Roadtrek Modifications

Here are few things that we’ve done to our 2006 210 Popular. These are mostly modifications that we've invented ourselves. We've also made use of commercial, off-the-shelf products and some of these are described in the "Products" section.

On more than one occasion we’ve left the water heater turned on long after it was no longer needed. The black-on-black rocker switch is hard to notice. We installed a small light emitting diode (LED) between the switch and the red “trouble” lamp. It provides a reminder. Connect the lamp between the green (negative) wire on the lamp and the black (positive) wire on the switch. If using a LED be sure to observe polarity of the lamp!

Shelves inside the cabinets help to keep dishes in order and easy to access. This one is made of ˝ inch aspen from Home Depot. Custom shelves take time to make but they do exactly what you want them to do. For example, note the snug fit for the coffee maker.







We also added a wooden box back of the passenger seat. It's bolted to the metal seat support so that it doesn't slide around. We keep camping guides there and it's easy for the navigator to reach around and grab a book. Make sure that you don't drill through any of the wiring under the passenger seat.









The clips in the basement for storage of the awning brace tend to lose tension. After awhile the slightest touch will cause the brace to fall down. The solution was to make a 1” wooden spacer with a pivoting metal arm. The arm is covered with heat shrink tubing. It’s easy to get the brace out and the brace stays put when traveling or loading things into the basement. Make two, one for each end.







We leave the bed made up all the time when we travel. Shoes and extra clothes go under the bed in the little "tunnel". We use a rolling plastic bin from Walmart for the shoes. We put an adjustable refrigerator bar from Camping World to keep the basket from rolling forward. Clothes are kept in collapsible duffle bags on the right of and behind the rolling basket.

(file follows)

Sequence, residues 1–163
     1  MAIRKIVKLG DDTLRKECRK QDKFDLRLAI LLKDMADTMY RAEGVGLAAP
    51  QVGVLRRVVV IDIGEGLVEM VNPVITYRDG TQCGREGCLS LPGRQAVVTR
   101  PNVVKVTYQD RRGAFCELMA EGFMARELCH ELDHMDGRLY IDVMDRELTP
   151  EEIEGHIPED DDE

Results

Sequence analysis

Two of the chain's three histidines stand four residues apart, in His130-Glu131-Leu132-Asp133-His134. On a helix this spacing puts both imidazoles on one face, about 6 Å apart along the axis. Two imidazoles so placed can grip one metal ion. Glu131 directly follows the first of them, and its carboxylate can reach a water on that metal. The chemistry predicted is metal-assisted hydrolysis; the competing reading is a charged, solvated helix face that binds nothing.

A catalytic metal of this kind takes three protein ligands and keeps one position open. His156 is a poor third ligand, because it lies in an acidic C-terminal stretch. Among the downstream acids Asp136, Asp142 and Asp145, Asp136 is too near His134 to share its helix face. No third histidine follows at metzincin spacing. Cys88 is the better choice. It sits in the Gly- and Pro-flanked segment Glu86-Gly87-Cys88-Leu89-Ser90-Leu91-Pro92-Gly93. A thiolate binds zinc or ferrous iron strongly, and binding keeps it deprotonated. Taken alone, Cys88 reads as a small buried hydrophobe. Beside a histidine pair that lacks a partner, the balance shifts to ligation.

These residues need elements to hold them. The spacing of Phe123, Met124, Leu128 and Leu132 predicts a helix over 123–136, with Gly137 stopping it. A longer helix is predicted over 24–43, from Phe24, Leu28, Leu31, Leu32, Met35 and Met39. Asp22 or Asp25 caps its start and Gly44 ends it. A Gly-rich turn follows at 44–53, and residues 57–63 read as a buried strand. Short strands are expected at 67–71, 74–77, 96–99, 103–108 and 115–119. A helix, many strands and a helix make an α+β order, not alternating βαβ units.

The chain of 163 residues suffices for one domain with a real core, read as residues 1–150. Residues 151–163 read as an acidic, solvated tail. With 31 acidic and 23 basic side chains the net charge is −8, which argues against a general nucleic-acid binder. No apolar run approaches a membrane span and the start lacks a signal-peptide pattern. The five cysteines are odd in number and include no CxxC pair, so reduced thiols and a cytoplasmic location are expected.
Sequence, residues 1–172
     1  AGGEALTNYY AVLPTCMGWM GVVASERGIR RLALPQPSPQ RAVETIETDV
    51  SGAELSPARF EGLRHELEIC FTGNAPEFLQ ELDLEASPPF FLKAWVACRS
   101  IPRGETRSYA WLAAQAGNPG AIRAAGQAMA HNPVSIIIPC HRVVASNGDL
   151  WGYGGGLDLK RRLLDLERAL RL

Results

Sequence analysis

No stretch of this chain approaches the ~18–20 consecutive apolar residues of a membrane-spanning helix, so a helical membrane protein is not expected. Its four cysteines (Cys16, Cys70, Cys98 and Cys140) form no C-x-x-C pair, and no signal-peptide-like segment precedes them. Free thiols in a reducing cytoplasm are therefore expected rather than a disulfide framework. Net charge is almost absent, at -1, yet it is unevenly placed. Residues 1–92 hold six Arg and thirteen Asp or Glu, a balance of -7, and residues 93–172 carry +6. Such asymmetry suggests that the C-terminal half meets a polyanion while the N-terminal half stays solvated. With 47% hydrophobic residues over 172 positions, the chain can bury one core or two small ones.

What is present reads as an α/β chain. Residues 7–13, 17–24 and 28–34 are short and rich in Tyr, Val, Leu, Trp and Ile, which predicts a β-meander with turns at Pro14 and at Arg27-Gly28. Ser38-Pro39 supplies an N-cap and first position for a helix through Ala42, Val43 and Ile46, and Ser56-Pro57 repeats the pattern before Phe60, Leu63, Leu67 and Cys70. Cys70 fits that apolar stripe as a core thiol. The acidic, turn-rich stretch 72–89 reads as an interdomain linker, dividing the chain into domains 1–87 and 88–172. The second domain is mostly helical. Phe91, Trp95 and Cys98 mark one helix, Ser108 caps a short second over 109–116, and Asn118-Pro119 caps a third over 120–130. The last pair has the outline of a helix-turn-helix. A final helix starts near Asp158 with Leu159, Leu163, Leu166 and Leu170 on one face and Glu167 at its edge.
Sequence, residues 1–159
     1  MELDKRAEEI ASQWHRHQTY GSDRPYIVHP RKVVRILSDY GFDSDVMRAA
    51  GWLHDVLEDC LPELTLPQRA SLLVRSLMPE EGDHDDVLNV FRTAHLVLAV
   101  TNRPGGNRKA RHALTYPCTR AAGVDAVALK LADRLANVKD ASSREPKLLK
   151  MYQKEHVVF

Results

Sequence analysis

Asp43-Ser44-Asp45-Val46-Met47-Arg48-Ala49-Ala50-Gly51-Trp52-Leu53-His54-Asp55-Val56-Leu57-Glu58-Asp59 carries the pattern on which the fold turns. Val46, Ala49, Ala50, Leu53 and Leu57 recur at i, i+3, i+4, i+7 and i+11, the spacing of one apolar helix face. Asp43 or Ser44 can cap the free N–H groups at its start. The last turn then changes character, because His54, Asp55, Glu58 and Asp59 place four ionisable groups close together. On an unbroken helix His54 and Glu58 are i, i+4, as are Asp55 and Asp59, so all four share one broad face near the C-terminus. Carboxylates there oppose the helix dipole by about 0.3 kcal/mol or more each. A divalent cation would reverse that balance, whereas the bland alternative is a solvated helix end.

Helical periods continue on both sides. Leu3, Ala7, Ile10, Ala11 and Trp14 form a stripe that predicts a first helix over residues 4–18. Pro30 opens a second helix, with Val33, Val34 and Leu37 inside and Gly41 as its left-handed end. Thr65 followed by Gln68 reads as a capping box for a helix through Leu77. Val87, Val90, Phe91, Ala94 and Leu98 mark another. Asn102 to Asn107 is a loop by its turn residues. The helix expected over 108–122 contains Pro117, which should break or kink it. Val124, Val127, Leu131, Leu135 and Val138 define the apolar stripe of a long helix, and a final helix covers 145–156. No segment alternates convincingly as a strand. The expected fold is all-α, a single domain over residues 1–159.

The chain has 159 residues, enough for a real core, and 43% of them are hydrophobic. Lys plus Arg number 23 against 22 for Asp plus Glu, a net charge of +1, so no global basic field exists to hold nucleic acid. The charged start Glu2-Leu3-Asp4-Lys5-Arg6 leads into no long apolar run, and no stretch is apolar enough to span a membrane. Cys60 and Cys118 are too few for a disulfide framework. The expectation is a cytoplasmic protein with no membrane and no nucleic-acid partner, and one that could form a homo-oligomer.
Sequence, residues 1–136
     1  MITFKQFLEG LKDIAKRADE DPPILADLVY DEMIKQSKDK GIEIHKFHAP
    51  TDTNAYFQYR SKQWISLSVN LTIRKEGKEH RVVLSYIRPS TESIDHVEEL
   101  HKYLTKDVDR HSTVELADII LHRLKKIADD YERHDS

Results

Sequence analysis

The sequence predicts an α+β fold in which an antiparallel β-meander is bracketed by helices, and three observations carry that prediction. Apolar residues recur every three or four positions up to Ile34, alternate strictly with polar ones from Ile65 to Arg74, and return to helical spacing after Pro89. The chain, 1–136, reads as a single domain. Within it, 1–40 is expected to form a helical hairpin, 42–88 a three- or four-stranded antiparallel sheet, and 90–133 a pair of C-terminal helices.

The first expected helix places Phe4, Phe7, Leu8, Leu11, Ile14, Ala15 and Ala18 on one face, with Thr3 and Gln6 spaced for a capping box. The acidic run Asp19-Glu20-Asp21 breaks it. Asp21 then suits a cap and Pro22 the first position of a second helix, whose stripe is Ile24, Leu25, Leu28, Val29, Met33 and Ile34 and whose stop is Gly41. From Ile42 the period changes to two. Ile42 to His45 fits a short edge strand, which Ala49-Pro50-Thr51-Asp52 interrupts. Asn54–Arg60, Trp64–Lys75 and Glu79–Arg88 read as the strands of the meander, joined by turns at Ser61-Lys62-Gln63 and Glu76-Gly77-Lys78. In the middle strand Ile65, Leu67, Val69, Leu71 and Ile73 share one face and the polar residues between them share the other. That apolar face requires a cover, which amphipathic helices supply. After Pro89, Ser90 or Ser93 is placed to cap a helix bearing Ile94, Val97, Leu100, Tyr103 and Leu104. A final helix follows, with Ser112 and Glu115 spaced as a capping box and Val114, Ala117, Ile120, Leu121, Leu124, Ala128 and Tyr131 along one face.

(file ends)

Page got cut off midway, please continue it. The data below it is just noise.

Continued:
The next image covers a couple of miscellaneous tips.

We added a Radio Shack wireless temperature sensor to the refrigerator. This allows us to monitor the interior temperature without having to open the door. We also installed an external temperature sensor near the rear bumper so we can know how cold it is in the morning! The remote sensors work on different frequencies and one display unit can read up to three sensors. We used Radio Shack but Amazon or Ace Hardware has these at low prices.

We installed a Timex travel alarm clock in the sleeping area too. This clock is unique in that you can touch the blue “snooze” bar and the screen lights up. This is great for checking the time in the middle of the night without turning on the lights. It came from Walmart. The front of the original flip case was removed and Velcro was put on the back to hold it to the wall.

Note the plastic file holder from Staples for magazines and other reading material.

Finally note the adjustable bar overhead. We use fast drying Aquis towels. We have two bars, one on each side of the rear sleeping area. These bars are from Camping World and are supposed to be used in an RV refrigerator to keep things from falling over when driving. We put the towels over the bars when we’re driving and by the time we arrive the towels are dry and can be put away.

The Products section of this site has some information on towel bars that are permanently mounted and which match the Roadtrek.




Quick release water fittings make it easy to hookup at a campground and ensure that you get a tight fit every time. Screwing and unscrewing connections takes time and often requires Teflon tape. We put a female quick disconnect on the water feed line and another female on the stopper. (The stopper is in place when using the internal water supply and pump.) Our Roadtrek came equipped with the male end.





This next item is related to water and may be "old hat" for experienced travelers. Starting at the campground faucet we have a pressure reducer. That is followed by a water filter. On the other side of the water filter is a hose "Y". One side of the "Y" goes to the hose that goes to the Roadtrek (see above) and the other side of the "Y" is usually left unconnected.

When you are leaving the campground you shut off the campground water and then release the pressure in the hoses by opening the other side of the "Y". Otherwise you can get we!

A small hose can be attached to that "Y" for doing general washing too and we use a cheapie coiled garden watering hose from Walmart. When you're at a full service site you can use the garden hose to wash things down after dumping the tanks. (Note the blue dump hose in this picture.)

Here's what this configuration looked like in Juneau Alaska:

Return to the Roadtrek page.

Return to Dave's Home page.

Updated 12/22/19